QASIM RIZA SHAHEEN'S STAINS AND STENCILS
In Chris Marker’s Sans Soleil, the filmmaker asks, “Have you ever heard of anything stupider than to say to people, as they teach in film schools, not to look at the camera?” Marker praises the direct gaze not as a means of disillusionment, reminding us of a film’s artificiality, but as an expansion of cinema’s power. Images that stare back can implicate the viewer. They gnaw at cinema’s limitations as a one-way medium and foreground the central, and very political, question of relational dynamics in the making and viewing of moving images.
This conception of the gaze is central to the work of Qasim Riza Shaheen and is especially evident in the six screen video installation featured in Stains and Stencils. Shaheen does not see his work as being medium-specific, with text, photography, video and live performance all employed when appropriate. If there is a constant element in each of these contexts, it is Shaheen’s own body. As Shaheen is careful to point out, this is not the same as saying the work is always about him, but rather an acknowledgement that an artist’s own body is the most fundamental medium of all. As he sees it, the body is “a site of translation” on which issues of gender, identity, memory and subjectivity can be performed and interrogated. As a result, his work is deeply process-oriented, with what ends up in the gallery being, in his words, “by-products of lived experience”.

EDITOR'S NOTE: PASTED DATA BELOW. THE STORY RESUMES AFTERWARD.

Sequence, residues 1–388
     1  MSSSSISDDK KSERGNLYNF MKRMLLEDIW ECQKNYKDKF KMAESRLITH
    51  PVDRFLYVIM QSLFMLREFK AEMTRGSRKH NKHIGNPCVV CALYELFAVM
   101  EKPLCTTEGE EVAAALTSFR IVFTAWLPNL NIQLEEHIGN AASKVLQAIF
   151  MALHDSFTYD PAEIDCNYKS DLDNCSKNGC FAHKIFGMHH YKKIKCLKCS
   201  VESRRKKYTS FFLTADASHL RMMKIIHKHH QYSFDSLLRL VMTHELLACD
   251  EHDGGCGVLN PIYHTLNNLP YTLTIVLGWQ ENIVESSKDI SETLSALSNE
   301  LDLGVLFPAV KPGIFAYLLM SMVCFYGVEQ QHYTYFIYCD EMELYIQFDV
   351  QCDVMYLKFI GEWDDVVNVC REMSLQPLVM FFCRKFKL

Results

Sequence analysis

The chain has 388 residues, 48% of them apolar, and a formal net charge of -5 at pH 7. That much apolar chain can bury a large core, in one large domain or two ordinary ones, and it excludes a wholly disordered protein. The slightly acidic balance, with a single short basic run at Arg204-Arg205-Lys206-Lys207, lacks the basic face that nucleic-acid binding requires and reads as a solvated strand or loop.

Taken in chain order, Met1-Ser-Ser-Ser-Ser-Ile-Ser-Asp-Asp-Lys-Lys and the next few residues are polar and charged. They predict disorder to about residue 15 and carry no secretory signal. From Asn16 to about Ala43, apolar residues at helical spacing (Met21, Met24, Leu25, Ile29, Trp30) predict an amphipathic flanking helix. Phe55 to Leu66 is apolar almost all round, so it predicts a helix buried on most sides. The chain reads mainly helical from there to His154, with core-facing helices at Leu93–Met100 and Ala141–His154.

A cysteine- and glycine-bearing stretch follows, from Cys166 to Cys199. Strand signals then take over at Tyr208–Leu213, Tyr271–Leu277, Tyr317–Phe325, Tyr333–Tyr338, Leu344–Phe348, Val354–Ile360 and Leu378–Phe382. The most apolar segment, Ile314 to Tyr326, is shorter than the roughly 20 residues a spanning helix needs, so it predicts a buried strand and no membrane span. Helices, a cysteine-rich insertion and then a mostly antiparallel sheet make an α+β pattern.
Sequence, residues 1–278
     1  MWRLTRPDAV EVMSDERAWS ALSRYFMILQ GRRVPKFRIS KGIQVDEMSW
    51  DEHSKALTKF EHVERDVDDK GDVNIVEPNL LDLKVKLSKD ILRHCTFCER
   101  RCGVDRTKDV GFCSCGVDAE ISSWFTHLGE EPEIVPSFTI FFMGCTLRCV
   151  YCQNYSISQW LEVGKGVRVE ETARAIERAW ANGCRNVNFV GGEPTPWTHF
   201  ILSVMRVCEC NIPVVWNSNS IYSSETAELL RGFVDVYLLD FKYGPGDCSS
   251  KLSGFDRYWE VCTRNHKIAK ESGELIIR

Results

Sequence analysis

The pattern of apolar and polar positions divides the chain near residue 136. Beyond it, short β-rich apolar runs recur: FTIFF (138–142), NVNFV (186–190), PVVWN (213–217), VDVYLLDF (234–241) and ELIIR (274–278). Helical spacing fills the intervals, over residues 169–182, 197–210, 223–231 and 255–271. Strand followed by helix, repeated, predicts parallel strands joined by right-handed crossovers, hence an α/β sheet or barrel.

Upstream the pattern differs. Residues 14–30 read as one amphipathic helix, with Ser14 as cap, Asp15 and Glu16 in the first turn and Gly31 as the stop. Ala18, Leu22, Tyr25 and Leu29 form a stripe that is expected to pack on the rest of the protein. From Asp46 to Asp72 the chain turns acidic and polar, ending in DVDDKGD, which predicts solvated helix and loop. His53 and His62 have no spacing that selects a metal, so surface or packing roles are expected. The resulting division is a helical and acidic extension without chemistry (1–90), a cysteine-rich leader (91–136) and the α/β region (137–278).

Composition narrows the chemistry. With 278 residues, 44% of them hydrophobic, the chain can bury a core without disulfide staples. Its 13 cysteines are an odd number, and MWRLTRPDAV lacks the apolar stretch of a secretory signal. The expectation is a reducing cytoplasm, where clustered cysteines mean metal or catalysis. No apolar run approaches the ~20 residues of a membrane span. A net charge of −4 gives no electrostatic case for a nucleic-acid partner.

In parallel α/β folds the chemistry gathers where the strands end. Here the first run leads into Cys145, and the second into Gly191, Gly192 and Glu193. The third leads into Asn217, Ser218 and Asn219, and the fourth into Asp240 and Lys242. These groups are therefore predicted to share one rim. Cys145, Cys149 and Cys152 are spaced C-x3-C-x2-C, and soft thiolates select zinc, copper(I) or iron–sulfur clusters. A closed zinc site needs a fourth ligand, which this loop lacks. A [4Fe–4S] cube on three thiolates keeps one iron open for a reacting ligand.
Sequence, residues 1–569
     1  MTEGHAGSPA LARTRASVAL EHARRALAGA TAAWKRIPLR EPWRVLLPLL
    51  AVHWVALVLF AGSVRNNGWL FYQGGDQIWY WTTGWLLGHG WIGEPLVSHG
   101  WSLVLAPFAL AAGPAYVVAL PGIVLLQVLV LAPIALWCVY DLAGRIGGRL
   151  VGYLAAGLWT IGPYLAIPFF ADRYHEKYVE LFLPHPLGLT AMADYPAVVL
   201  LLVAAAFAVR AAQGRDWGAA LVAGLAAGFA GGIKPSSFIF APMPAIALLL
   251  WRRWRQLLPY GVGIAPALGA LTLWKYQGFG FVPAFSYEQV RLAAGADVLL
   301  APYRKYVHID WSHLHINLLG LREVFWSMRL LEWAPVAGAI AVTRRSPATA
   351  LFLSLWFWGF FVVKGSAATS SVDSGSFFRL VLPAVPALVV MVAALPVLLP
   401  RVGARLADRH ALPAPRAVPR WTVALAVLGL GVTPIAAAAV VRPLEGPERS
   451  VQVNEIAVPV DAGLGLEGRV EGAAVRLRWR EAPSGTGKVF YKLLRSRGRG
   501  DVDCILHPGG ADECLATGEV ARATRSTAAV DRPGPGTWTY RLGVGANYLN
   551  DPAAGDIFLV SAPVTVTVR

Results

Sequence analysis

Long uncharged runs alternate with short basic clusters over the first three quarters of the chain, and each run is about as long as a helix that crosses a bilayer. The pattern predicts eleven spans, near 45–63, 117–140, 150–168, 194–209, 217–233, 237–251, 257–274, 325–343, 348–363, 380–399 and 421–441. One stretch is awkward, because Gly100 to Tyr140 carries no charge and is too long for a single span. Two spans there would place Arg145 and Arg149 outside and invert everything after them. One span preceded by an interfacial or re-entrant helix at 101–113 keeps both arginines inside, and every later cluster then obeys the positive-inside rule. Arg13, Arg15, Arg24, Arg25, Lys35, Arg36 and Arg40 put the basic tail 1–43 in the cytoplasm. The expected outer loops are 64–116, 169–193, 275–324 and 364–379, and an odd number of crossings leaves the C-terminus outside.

Arriving at moving images from this perspective, Shaheen bypasses the traditional auteurist discourse of cinema, in which the filmmaker is a poet or visionary expressing himself through the camera and, as Anne-Marie Miéville put it, “it is always the one who is directed that is seen, never the one directing.” Instead, by turning the camera on himself, Shaheen opts to destabilise his own power rather than to elaborate it. The camera becomes a situational tool rather than an all-seeing eye.
Using the camera in this way, Shaheen has found a novel way of navigating the dangers of a potentially touristic, patronising project: he has made videos about the transgendered “Khusra” sex worker community in which they never actually feature. As he puts it, his interest was not in “controlling representation but negotiating representation”, and so what we see are six videos for which each of his six friends dressed and co-directed him in performances as them. Paradoxically, by leaving the women off-screen they became empowered in a mutually supportive dialogue: the film becomes a collective expression which is neither “all him” or “all them”, but the product of an intersubjective space made possible by the filmmaking process.
This may give the impression that the pieces lack individuality, but in fact what they visualise most effectively is the construction of personal identities in the face of encroaching limitations. Shaheen’s six performances, each of which was filmed unrehearsed with no retakes, are all shot in the homes and brothels where the women work. The often cacophonous soundtracks give us a sense of the manic off-screen space surrounding them and the installation context of these works—side by side, sounds overlapping—further emphasises the sense in which each woman (it is hard to recognise them all as one person) risks being consumed by the chaos surrounding them, and even overwhelmed by one another.